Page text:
Anyone can picture the exact face she’s referring to. From the perfectly arched back to the mouth that stays delicately pretty even when it’s moaning, TV’s classic O-face would have you believe every woman looks, sounds and acts exactly the same during sex.

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12 Absurd Conundrums All Twins Have To Reckon With

Add this to the list of exciting things that have happened to me: I was featured in the BuzzFeed Community!

Anyone can write and publish a post using BuzzFeed’s Community tool. After you write your post, you can suggest it to be featured on the BuzzFeed Community page. BuzzFeed Commmunity editors select their favorite submissions and post them on the Community page. This ensures that people will actually see your post (otherwise, it will only be seen by those who you email the link to).

Call it beginner’s luck or my own natural BuzzFeed abilities (*dusts off shoulders*), but my very first post was selected to be featured on the BuzzFeed Community page! Check it out here: http://www.buzzfeed.com/emigdol/12-absurd-conundrums-all-twins-have-to-reckon-with-80rv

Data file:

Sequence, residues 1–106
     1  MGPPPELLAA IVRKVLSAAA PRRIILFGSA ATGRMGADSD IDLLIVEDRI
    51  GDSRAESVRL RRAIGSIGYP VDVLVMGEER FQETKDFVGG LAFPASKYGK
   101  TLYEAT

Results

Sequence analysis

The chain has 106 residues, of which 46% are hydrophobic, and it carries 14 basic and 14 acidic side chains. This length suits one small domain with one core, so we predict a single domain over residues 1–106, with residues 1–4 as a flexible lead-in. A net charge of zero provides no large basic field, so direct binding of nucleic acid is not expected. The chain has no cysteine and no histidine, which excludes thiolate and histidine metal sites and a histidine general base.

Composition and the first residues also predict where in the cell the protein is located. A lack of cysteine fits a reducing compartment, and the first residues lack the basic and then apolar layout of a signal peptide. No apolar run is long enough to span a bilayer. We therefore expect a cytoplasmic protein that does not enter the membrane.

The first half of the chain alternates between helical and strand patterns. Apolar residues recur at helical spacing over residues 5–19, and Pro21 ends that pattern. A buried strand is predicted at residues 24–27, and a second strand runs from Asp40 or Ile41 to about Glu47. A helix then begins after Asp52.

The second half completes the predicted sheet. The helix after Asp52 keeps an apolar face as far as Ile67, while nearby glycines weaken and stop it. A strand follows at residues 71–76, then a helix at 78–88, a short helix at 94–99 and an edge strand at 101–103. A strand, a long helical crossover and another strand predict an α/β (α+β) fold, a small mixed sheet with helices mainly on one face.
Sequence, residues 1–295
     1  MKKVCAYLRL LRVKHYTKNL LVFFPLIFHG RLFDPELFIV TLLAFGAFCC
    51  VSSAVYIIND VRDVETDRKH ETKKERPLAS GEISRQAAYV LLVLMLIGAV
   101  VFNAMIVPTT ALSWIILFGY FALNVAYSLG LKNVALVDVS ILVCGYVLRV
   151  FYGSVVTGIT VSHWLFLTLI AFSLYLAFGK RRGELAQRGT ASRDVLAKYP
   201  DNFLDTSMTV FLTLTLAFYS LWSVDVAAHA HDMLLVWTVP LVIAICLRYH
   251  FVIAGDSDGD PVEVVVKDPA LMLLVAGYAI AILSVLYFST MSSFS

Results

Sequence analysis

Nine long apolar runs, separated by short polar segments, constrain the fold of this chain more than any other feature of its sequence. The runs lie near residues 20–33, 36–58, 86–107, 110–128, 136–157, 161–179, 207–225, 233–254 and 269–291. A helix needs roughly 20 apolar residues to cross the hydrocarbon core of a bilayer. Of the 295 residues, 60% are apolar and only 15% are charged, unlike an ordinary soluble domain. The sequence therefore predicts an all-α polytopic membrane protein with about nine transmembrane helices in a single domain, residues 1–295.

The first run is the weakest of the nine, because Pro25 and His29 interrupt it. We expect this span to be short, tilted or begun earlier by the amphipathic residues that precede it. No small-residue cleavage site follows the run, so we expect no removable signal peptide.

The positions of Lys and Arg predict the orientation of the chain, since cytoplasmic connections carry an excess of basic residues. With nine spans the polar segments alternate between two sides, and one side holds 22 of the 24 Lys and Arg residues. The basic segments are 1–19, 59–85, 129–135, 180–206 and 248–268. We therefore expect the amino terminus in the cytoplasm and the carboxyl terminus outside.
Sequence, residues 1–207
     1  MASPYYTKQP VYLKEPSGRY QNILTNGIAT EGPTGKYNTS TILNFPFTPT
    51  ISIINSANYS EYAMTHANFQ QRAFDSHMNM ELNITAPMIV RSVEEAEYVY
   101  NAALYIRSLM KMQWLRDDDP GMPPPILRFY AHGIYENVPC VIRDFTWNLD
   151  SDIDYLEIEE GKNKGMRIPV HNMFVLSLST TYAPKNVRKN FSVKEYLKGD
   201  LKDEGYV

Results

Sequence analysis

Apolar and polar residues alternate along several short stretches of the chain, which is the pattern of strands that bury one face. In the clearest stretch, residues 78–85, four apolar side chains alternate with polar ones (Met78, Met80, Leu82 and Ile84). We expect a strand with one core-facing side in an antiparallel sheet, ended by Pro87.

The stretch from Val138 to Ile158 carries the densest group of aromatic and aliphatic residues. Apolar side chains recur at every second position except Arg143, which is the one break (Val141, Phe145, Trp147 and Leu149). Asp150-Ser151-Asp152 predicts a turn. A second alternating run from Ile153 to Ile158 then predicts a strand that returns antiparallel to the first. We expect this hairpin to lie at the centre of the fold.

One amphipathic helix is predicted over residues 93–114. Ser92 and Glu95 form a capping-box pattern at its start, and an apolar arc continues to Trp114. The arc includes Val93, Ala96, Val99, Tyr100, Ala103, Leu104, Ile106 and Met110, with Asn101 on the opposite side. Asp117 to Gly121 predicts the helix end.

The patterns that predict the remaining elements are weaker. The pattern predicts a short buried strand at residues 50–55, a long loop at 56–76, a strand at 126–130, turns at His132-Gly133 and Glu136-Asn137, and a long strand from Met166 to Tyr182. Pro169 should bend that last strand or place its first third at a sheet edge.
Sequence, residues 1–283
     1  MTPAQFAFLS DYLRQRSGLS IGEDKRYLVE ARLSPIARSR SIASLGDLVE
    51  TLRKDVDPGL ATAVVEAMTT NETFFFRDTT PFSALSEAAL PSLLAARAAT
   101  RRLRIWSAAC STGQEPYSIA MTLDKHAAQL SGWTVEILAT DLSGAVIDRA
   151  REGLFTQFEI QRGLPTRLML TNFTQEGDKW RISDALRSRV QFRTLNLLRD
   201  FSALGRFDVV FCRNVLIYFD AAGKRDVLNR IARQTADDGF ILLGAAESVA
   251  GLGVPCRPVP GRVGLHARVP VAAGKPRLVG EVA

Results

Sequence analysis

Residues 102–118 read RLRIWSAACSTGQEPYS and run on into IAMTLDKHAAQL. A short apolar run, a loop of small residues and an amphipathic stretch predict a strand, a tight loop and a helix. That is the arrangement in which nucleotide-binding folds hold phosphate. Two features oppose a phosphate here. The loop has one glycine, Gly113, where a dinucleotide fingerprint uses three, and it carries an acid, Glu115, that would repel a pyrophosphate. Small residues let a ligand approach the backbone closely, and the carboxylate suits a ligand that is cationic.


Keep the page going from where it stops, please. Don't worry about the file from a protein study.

112 Weddings: Filmmaker Reveals What Really Happens After the Ceremony

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Originally published on Inside Weddings

While filming 112 weddings over the course of 20 years, videographer and documentary filmmaker Doug Block found he couldn’t shake one simple question: After the cake was cut and the gifts were opened, whatever became of these couples’ marriages?

That question inspired 112 Weddings, a documentary that explores how life and marriage have changed for 10 couples since Block filmed their weddings years earlier. Juxtaposing footage from the couples’ wedding days with candid present-day interviews, the film reveals which marriages thrived, stumbled, and, in two cases, ended.
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“Wedding Island” Star Sandy Malone Shares the 12 Most Common Mistakes Brides Make

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Listen up, brides: Sandy Malone’s wedding-planning class is now in session.

The star of TLC’s Wedding Island, Sandy is the founder of Weddings in Vieques, a destination-wedding planning company located on Vieques Island, off the coast of Puerto Rico. Prior to launching the company in 2007, she worked in marketing, journalism, and media strategy in Washington, D.C.; and her down-to-earth, no-nonsense approach to wedding planning has become her signature.

With more than 400 weddings under her belt, it’s tough to find a type of bride or disaster Sandy hasn’t experienced. Below, she reveals the 12 most common mistakes brides make – and how to avoid them.